Sunday, July 5, 2015

ANF Waterloo - Part 2

Another five turns completed today.

This is where we left off last week, the French 2nd Division assaulting Picton's lads over on my right.

While I, as the Prince of Orange, lead the remains of Bijlandt's brigade to safety.

The French 3rd Division is staggering towards the Hanoverian Landwher which makes up the rest of Picton's command.

The French 2nd Division is repulsed!

The French 3rd Division is blasted by my Dutch-Belgian horse artillery.

The Household Cavalry go in to slaughter the remains of the French 2nd Division.

Ably assisted by the British infantry.

On go the Household Cavalry!

The few remaining French scurry for safety, while the British cavalry halt exhausted.

I inform von Muffling that the battle is won and that he should instruct Blucher to head to Paris.

The French 3rd Division meet the fate of the 2nd, this time at the hands of the Hanoverians.

Time to check on reality.

Meanwhile on the Anglo-Allied right things look a bit hairy.

As the French 3rd Division recoils and starts to retreat, the French 13th Cavalry Division approaches.

I get my men into square.  One of the British cavalry commanders points me out. 

The Prussians have arrived.  They look a bit tardy, but I'm informed they have a plan...

The unlucky French 13th Cavalry Division is being roughly handled by my artillery (and my ability to roll sixes).  My troops have all formed squares and are hidden behind the crest line (which is marked by an attractive display of shrubbery)

The massed artillery of the Guard is deployed, but has no targets.  Messengers can be seen hurrying across the front bearing new orders.

The thin red line, with a bit of green, holding on in the centre right.  The congestion and table edge is cramping our style.

Some more brave Dutch-Belgians moving up on the far right.

The French are sweeping round the Hougoumont, although perhaps not as quickly as they thought.

And here we leave it.  End of turn 9 which makes it around 4pm.  
Will my new orders arrive in time?  
Will we be able to link up with the Prussians?  
How will we deal with the massed Guard artillery?

Next installment in two weeks time.


  1. Very good Mark - "reality" had me checking if I had missed reading something 😃

    Very entertaining mate.

    1. Well, it is just such a stunning view. But after I posted I realised there was a link to the performance of the Hanoverian Militia which had James shaking his head. However they were uphill, supported and without casualties or causes of disorder, unlike their isolated attackers.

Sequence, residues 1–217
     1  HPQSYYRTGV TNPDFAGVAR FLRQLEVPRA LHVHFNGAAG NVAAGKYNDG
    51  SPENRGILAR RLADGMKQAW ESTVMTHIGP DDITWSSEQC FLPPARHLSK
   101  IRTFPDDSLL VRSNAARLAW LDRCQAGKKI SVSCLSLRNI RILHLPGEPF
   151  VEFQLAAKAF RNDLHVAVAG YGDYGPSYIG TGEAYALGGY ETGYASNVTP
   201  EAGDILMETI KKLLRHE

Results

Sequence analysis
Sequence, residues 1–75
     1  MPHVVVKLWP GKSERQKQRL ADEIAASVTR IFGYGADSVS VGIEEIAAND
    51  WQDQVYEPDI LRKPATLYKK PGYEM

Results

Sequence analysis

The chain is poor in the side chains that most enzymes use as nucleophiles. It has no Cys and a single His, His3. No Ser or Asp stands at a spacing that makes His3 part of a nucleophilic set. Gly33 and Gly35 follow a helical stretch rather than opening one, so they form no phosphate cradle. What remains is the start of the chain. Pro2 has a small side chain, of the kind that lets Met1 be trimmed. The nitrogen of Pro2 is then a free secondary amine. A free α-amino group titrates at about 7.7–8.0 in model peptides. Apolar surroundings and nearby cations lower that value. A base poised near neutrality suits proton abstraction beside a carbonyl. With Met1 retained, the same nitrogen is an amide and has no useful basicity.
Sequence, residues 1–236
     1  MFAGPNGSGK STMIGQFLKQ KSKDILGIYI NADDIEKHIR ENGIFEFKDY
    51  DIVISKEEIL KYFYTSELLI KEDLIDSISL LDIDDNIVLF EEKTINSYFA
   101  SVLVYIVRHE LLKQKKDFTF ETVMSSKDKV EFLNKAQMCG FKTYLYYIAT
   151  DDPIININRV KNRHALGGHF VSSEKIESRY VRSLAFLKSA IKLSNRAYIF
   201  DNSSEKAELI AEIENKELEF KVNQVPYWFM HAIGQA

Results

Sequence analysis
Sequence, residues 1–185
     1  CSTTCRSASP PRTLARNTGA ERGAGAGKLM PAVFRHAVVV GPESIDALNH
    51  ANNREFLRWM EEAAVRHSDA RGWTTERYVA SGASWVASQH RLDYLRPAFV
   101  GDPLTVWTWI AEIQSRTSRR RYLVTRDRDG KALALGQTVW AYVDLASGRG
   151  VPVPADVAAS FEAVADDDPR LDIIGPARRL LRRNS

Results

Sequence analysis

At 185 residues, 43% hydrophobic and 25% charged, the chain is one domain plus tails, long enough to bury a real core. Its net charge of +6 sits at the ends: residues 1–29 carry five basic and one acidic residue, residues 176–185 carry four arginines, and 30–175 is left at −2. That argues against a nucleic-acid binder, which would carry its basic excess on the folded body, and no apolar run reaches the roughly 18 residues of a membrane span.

But it is also to remind us all that there is a world out there.

  2. Marvellous Mark.

    You seem to be enjoying these posts almost as much as rolling those 6s (and 5s)!!

    As you point out, depleted command, hiding to nothing. Delort's men will have some fun though, I warrant...

    1. If the rule is you have to see your target to charge there maybe fun.

    2. It is, of course as you well know and have used to considerable effect. I sense that I see a glimpse of blue and even red moving. The perfidious islanders will have to move their *rses if they are to assist their germanic brothers...! :)

  3. It was a really excellent day, and I was only sorry, as Blucher, that the gallant French were so unlucky with their die rolls, whilst you as the Dutch-Belgians had a magnificent run of 6s and 5s just when you needed it. It's hard to see how Napoleon can win this now, but onward to the 19th...

    1. Not sure. Delort has to work with the Guard artillery to pin the Anglo-Allied left flank while Jacquinot and Durutte hold off the Prussians.

      That leaves Napoleon with the Guard and substantial cavalry to win the day. There are still at least 10 turns to go. The interesting thing is how far can the Guard move in that time? They are a long way away.

  4. Replies
    1. Thanks - I can't take any credit (accept for the sixes). The ANF put it all together.

      One of the truly delightful things (apart form the company, nostalgia and view) is the ability to play out the whole game. At this stage it is very much in the balance.